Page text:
Denzel Washington Wants to Return to Broadway 'Every Three or Four Years'
Denzel Washington made his triumphant return to the Broadway stage last night in "A Raisin in the Sun," which opened at New York's Barrymore Theater. According to Variety, it won't be the last time we see the Oscar-winning actor on the Great White Way.
At the opening night party held at Tribeca Rooftop last evening, director Kenny Leon, who previously worked with Washington on 2010's 'Fences,' recalled the Tony-winning actor telling him, 'Look man, I want to come back to the stage every three or four years." Leon went on to explain, "So we made a commitment to do it again, and we did, and hopefully in another three or four years, we'll be back doing it again."
Says Washington, who credits his love for theater to his early stage work at New York's Fordham University, "I went to see great plays on Broadway and I said, 'That's what I want to do.'" He adds, "Much more than Hollywood, quote-unquote, that was the goal for me, to get to Broadway."
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Lorraine Hansberry's A Raisin in the Sun, starring Denzel Washington and directed by Tony Award nominee Kenny Leon, opened April 3 at the Ethel Barrymore Theatre (243 West 47th Street), the same theatre where the original production of A Raisin in the Sun opened 55 years ago. A Raisin in the Sun is a limited engagement running through June 15.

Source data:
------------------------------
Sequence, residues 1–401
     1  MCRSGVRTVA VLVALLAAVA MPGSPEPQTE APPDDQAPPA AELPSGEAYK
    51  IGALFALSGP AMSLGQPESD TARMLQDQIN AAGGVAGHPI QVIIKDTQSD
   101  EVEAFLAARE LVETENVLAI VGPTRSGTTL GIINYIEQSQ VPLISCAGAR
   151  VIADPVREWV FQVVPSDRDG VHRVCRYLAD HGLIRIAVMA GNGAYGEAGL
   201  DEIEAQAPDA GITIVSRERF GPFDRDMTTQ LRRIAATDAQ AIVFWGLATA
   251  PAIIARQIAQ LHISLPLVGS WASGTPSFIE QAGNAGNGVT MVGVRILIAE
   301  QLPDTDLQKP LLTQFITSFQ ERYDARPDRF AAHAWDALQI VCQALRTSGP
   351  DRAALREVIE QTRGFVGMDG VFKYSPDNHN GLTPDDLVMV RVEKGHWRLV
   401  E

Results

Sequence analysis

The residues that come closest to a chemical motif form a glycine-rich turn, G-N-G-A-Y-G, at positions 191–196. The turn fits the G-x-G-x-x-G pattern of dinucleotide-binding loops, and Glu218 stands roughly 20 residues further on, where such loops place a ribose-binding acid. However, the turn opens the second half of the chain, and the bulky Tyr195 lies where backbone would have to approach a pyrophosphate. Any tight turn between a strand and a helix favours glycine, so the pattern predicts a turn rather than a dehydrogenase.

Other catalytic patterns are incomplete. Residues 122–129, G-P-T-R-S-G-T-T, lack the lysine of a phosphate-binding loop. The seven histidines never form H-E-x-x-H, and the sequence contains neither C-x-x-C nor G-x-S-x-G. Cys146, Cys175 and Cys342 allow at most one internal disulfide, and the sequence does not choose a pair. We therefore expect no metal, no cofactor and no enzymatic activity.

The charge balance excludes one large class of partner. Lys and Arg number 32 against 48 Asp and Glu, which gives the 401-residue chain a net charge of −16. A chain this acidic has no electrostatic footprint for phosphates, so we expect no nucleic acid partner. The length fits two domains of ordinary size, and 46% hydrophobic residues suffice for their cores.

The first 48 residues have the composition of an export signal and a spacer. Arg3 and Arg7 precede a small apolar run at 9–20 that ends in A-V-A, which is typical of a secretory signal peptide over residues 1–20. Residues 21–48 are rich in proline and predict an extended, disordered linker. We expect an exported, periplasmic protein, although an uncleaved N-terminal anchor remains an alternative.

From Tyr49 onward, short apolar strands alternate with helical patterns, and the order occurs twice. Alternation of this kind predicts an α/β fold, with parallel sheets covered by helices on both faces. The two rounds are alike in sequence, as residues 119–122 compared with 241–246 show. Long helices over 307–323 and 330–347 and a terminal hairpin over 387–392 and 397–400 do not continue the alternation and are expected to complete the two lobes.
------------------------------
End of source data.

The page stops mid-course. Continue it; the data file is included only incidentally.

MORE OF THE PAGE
The production also stars LaTanya Richardson Jackson as Lena Younger, Academy Award nominee Sophie Okonedo making her Broadway debut as Ruth Younger, Tony Award winner Anika Noni Roseas Beneatha Younger, Tony Award nominee Stephen McKinley Henderson as Bobo, David Cromer as Karl Lindner, Jason Dirden as George Murchison, Sean Patrick Thomas as Joseph Asagai, and 13-year-old Bryce Clyde Jenkins, also making his Broadway debut, as Travis Younger.
Set on Chicago's South Side, A Raisin in the Sun revolves around the Divergent dreams and conflicts within three generations of the Younger family. The tensions and prejudice they face form this seminal American drama.
Photo Credit: Brigitte Lacombe